\begin{aligned}(m c)^2 \frac{d{{u^i}}}{ds} \frac{d{{u_i}}}{ds}\end{aligned} \hspace{\stretch{1}}(3.48)

so the RHS must also provide one

\begin{aligned}\frac{e^2}{c^2} F^{i j} g_{j l} u^lF_{i k} g^{k m} u_m=\frac{e^2}{c^2} F^{i j} u_jF_{i k} u^k.\end{aligned} \hspace{\stretch{1}}(3.49)

Let’s look at the RHS in matrix form. Writing

\begin{aligned}U = {\left\lVert{u^i}\right\rVert},\end{aligned} \hspace{\stretch{1}}(3.50)

we can rewrite the Lorentz force equation as

\begin{aligned}m c \dot{U} = \frac{e}{c} \hat{F} \hat{G} U.\end{aligned} \hspace{\stretch{1}}(3.51)

In this matrix formalism our invariant 3.49 is

\begin{aligned}\frac{e^2}{c^2} (\hat{F} \hat{G} U)^\text{T} G \hat{F} \hat{G} U=\frac{e^2}{c^2} U^\text{T} \hat{G} \hat{F}^\text{T} G \hat{F} \hat{G} U.\end{aligned} \hspace{\stretch{1}}(3.52)

If we compare this to the transformed Lorentz force equation we have

\begin{aligned}m c \hat{O} \dot{U} = \frac{e}{c} \hat{F'} \hat{G} \hat{O} U.\end{aligned} \hspace{\stretch{1}}(3.53)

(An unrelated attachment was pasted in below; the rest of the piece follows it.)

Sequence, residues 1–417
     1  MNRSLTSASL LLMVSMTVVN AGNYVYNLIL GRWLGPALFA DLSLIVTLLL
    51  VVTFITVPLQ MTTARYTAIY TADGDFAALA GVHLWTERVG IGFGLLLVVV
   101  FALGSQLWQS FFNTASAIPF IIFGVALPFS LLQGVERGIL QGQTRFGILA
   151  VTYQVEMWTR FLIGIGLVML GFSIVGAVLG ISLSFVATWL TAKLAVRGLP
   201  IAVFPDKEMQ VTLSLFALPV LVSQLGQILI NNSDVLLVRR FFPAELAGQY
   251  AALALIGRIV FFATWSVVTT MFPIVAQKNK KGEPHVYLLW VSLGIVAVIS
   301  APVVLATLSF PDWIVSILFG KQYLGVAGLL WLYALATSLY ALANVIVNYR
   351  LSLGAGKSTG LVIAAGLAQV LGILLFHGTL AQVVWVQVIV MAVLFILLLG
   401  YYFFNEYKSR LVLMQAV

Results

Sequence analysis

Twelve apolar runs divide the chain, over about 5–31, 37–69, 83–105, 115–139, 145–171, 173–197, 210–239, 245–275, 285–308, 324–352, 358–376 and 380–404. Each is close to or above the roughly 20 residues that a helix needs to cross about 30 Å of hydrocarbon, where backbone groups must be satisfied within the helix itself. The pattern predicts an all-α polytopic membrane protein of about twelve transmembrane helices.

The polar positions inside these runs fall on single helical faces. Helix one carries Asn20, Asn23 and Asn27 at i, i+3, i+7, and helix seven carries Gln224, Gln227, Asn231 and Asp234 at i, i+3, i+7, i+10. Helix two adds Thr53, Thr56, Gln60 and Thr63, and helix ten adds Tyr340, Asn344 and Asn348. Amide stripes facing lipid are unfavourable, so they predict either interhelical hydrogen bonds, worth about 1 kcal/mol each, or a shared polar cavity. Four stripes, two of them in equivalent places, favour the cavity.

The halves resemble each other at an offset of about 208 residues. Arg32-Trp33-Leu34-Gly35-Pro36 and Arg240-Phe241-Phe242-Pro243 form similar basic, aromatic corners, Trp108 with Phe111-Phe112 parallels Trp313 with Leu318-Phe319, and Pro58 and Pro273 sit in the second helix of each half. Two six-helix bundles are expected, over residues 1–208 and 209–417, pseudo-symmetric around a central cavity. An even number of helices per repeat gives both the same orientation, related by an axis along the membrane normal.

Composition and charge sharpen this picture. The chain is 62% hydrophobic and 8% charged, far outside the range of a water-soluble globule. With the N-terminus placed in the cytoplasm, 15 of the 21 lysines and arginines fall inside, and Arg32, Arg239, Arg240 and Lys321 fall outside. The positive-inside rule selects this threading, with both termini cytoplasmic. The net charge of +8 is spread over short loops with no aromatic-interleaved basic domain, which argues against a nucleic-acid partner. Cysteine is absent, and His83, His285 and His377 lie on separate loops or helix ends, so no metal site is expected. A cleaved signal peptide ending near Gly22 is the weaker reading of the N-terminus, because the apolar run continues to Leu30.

Our invariant for the transformed equation is

\begin{aligned}\frac{e^2}{c^2} (\hat{F'} \hat{G} \hat{O} U)^\text{T} G \hat{F'} \hat{G} \hat{O} U&=\frac{e^2}{c^2} U^\text{T} \hat{O}^\text{T} \hat{G} \hat{F'}^\text{T} G \hat{F'} \hat{G} \hat{O} U \\ \end{aligned}

Thus the transformed electrodynamic tensor \hat{F}' must satisfy the identity

\begin{aligned}\hat{O}^\text{T} \hat{G} \hat{F'}^\text{T} G \hat{F'} \hat{G} \hat{O} = \hat{G} \hat{F}^\text{T} G \hat{F} \hat{G} \end{aligned} \hspace{\stretch{1}}(3.54)

With the substitution \hat{F}' = \hat{O} \hat{F} \hat{O}^\text{T} the LHS is